We all know that the conventional thinking on eating right has changed over the years. Twenty-five years ago, eggs were condemned as a contributor to high cholesterol…now they are considered to be a valuable protein source. Margarine was once thought of as a safe, healthy alternative to butter – now it’s shunned due to its high level of trans-fats. As things go full circle in thinking about nutrition, however, some recommendations remain on the eating-healthy shortlist:
- Avoid too much red meat, and lean more towards chicken and fish
- Get plenty of green leafy vegetables for vitamins, minerals, antioxidants and fiber
- Choose whole grains for bread rather than processed flour and white bread
- Avoid fast food and snacks that are rich in processed flour, sugar, artificial colors, artificial flavors and preservatives
There’s more to healthy food choices than just the dietary guidelines, however, as the staff of Community Blog Online has found. Here are a few of our suggestions.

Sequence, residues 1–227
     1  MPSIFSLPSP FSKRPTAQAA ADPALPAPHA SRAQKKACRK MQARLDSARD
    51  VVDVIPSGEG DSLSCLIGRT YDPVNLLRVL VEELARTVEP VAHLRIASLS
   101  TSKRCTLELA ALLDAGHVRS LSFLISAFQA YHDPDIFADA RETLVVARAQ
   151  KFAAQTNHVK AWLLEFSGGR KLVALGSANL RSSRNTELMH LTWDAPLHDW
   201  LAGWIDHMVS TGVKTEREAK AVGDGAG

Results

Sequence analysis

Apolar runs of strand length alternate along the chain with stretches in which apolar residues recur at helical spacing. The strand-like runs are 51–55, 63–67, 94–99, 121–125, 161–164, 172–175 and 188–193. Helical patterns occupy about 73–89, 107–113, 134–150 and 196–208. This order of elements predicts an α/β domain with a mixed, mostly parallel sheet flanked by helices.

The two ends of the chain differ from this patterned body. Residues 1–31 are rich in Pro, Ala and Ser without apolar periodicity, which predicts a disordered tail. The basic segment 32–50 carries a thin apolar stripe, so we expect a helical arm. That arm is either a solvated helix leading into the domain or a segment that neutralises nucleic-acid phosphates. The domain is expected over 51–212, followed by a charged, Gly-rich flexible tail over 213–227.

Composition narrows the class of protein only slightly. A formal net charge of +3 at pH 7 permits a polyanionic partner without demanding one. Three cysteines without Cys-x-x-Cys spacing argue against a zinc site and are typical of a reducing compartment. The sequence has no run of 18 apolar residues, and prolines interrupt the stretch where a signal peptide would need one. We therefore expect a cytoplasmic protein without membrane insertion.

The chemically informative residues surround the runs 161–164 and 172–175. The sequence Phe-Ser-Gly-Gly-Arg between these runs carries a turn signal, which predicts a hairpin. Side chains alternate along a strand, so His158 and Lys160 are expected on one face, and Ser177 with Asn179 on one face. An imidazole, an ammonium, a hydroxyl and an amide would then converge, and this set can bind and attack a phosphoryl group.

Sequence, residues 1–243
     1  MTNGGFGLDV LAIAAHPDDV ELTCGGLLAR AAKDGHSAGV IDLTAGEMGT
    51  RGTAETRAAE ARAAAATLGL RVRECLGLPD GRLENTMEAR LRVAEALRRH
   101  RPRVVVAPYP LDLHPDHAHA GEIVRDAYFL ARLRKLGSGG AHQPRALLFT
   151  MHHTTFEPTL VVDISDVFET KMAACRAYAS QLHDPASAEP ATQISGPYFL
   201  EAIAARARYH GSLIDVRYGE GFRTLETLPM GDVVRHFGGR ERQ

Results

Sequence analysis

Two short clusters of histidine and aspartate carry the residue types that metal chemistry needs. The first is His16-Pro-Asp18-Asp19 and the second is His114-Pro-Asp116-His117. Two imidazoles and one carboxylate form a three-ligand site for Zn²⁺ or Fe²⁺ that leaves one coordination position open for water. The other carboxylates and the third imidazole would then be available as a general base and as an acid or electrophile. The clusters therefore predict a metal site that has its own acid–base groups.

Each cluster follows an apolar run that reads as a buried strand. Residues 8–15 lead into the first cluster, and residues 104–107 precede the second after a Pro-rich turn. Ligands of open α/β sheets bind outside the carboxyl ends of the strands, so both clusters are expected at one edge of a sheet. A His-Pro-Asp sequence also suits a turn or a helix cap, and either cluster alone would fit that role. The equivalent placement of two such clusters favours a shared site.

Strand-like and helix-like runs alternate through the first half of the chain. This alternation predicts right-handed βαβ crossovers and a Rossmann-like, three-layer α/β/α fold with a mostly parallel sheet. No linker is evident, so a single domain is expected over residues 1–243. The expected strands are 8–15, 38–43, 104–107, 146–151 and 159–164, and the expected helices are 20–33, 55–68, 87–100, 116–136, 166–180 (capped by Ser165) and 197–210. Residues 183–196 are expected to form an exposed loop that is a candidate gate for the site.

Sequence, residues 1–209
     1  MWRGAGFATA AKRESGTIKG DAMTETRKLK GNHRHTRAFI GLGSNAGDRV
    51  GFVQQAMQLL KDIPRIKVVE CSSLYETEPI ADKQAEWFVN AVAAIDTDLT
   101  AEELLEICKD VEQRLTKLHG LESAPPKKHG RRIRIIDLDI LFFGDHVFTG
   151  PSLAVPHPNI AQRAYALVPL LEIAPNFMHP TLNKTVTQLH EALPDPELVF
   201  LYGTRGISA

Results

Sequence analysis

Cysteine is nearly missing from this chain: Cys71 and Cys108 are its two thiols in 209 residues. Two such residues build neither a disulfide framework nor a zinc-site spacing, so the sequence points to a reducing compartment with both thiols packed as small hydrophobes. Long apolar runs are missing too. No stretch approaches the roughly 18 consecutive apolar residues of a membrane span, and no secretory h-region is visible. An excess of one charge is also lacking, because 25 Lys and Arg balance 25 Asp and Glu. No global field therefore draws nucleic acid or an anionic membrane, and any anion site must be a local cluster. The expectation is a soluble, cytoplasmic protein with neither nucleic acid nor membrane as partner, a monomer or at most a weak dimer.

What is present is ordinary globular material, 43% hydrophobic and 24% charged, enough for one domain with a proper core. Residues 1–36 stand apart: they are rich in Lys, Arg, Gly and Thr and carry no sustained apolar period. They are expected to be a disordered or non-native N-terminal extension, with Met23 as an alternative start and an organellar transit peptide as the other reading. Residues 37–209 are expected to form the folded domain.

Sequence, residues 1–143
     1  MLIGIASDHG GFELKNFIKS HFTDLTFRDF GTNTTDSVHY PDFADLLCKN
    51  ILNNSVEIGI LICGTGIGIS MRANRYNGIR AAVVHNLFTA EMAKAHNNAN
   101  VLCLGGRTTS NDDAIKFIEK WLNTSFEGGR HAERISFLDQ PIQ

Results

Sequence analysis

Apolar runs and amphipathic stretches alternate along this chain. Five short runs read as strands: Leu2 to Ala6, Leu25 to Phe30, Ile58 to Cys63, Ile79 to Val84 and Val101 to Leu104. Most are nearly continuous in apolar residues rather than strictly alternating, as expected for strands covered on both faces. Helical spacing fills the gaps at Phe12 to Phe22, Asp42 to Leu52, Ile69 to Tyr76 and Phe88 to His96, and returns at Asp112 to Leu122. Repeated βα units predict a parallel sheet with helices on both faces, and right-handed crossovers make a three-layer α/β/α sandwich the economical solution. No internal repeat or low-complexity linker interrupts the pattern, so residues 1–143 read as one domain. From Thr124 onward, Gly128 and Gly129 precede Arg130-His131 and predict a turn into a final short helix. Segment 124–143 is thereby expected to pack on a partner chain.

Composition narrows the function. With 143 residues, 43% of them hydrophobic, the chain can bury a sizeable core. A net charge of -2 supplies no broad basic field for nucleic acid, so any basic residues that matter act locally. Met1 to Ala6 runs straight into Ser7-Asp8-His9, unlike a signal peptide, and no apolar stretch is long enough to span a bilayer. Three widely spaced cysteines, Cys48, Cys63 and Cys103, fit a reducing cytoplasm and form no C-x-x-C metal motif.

- Make smart choices at the grocery store. Read nutrition labels on the packaging, and know what they mean. Think about how many calories are in a certain food, and how many calories are accounted for with sugars, fats, and carbohydrates vs. protein and fiber.
- Limit your sugar intake. Sugar is empty calories with few, if any, nutrients. Remember that “sucrose,” “glucose,” “corn syrup,” “high-fructose corn syrup,” and “fructose” all mean the same thing – sugar.
- Understand which fats are which. Keep an eye out for foods that are low in saturated fats, trans fats and cholesterol to help head off the risk of heart disease. Some “good” fats, on the other hand, can be found in things like nuts and avocados. Try to keep your total fat intake to between 20% and 35% of your calories.
- Watch your sodium intake. Remember that there’s a direct tie-in between sodium (salt) and high blood pressure, and that most people’s salt intake actually comes from processed foods and not the salt shaker. On the other hand, potassium can help cancel out some of salt’s effects on blood pressure (as well as being a valuable electrolyte). Tomatoes, bananas, potatoes and orange juice are a few foods that are rich in potassium.
- Drink plenty of water. Water aids digestion and helps flush toxins from the system, and many, many people forget to drink as much water as they should. Remember that if you feel the physical sensation of thirst, your body is already starting to get dehydrated.